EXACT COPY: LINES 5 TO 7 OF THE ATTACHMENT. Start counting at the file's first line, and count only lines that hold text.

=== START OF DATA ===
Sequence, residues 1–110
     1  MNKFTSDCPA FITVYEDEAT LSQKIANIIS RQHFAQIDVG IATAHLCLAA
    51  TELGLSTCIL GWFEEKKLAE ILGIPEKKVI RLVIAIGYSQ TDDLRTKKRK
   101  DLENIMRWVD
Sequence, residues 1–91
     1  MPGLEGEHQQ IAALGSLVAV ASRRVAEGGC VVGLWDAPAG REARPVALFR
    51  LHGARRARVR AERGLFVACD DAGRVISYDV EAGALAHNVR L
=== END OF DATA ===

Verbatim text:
Sequence, residues 1–91
     1  MPGLEGEHQQ IAALGSLVAV ASRRVAEGGC VVGLWDAPAG REARPVALFR
    51  LHGARRARVR AERGLFVACD DAGRVISYDV EAGALAHNVR L